The crisis in Flint over the city's drinking water has focused renewed attention nationally on the dangers of lead.
Lead concerns in Detroit have nothing to do with water, according to Gary Brown, the new director of the Detroit Water and Sewerage Department.
"I do want to assure every Detroiter that the water that they're receiving from DWSD is of the highest quality and standards," Brown told 7 Action News.
Brown has only been on the job, officially, since January 1. Due to lead poisoning of residents in Flint, Brown said the question is asked frequently by customers who call or email the department.
"We have chemists that are checking the water every four hours before it leaves the plant and Detroiters' can rest assured that the water is safe in the city of Detroit," said Brown.
Part of the concern comes from recent published reports of data from the Michigan Department of Health and Human Services. Children living in 10 zip codes in Detroit, Highland Park and Hamtramck showed elevated lead levels, according to 2014 figures.
Detroit City Council member Mary Sheffield wants more answers and plans to bring the matter to the legislative body.
Twenty percent of children tested in zip code 48206 in Detroit show elevated lead levels in the most recent testing. That's part of the west-side district Sheffield represents.
"It's not the water," said Sheffield. "It's probably the old housing stock. It's the paint, it's the lead-based paint, it's the soil, the dirt, and so, we need to know as a city what exactly is causing it and, again, how we as a city and me as a council member can make sure that my residents and constituents are safe."
Today, the Detroit Water and Sewerage Department (DWSD) released this statement in response to questions about the safety of drinking water in the city:
The Detroit Water and Sewerage Water Department (DWSD) takes the issue of quality drinking water very seriously. Any statements that have suggested our neighborhoods have excessive lead in their water are simply incorrect. In light of the recent controversy regarding Flint water, DWSD would like to emphasize that for decades, Detroit’s water has not only met but exceeded EPA standards for lead control.
Many of the homes built in the United States prior to the end of World War II contained lead pipes. Today, Detroit no longer allows lead pipes to be used for home construction or repairs. Like many communities with older housing stock, Detroit has long practiced lead corrosion control to ensure the high quality of its water. Federal regulations acknowledge that the best approach to minimize exposure to lead in drinking water is establishing a protective coating in pipes to minimize the ability of lead or other materials from the service lines or plumbing fixtures in homes to leach into the water. When the issue of lead control came to light in the 1990s, Detroit began its lead corrosion control program, before the EPA even required it. Standards under the EPA’s “lead and copper rule” state that if lead in the water exceeds 15 ppb (parts per billion), remedial action is required. The lead levels in Detroit water are far under the federal action limit and Detroit is considered an optimized community by the EPA for its corrosion control efforts.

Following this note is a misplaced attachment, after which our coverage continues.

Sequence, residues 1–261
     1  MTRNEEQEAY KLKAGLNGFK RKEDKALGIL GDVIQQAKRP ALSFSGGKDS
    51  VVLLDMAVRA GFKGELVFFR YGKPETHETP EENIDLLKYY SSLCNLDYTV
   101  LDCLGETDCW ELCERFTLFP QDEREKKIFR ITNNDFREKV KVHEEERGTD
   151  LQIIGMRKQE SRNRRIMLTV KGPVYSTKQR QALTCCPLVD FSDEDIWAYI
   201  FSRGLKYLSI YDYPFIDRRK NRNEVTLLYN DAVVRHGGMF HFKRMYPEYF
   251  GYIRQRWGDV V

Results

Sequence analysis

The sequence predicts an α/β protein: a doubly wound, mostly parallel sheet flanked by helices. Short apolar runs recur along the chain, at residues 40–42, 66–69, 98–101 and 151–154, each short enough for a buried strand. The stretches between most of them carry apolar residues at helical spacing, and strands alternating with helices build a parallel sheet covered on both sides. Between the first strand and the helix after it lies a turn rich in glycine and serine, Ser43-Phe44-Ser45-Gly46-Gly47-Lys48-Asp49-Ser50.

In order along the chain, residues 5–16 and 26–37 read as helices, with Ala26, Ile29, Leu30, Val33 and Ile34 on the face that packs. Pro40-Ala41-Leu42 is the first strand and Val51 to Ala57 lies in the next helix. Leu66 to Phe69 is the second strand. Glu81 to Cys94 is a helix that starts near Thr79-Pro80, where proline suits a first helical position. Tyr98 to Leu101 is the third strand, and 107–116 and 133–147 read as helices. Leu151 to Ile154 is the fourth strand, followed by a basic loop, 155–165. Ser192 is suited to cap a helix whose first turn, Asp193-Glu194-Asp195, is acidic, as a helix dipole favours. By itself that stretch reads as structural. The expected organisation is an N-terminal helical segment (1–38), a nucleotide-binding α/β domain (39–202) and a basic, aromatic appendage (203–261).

While we are proud of this effort, we continue to be vigilant to ensure that we build upon our progress. The city of Detroit has contracted with the Great Lakes Water Authority (GLWA), the regional water authority that serves southeast Michigan, to perform lead and copper testing as required by the EPA. GLWA provides the communities it serves, including Detroit, with water of unquestionable quality and follows stringent EPA guidelines to ensure all testing is in compliance with the standards imposed by federal and state regulators.
The most recent testing in Detroit was completed in 2014 and disclosed that, 100% of the homes tested were well below EPA’s action level. The testing included older homes where lead service lines and lead solder existed. For homes built prior to 1950, there are simple steps that can be taken to ensure safer water. Those efforts include using a certified water filter to remove lead from the tap, flushing out the tap water lines (let the water run) after a period of stagnation, and minimizing the consumption of water from the hot water tap where lead is more likely present. Additional information can be found at: www.drink.tap.org.
Finally, it is important to note that exposure to lead can come from sources other than water. A recent article published by Bridge Magazine titled “Places with Higher Lead Rates than Flint” pointed to lead paint in older homes as a cause for lead exposure. While DWSD is dedicated to working with the Detroit Health and Wellness Department as well as other City Departments to address lead concerns on a collaborative basis, it is important for residents to be aware of lead-based materials that may be in the home. Homeowners interested in lead testing services should call 313-926-8128 for further information or DWSD Customer Care at 313-267-8000.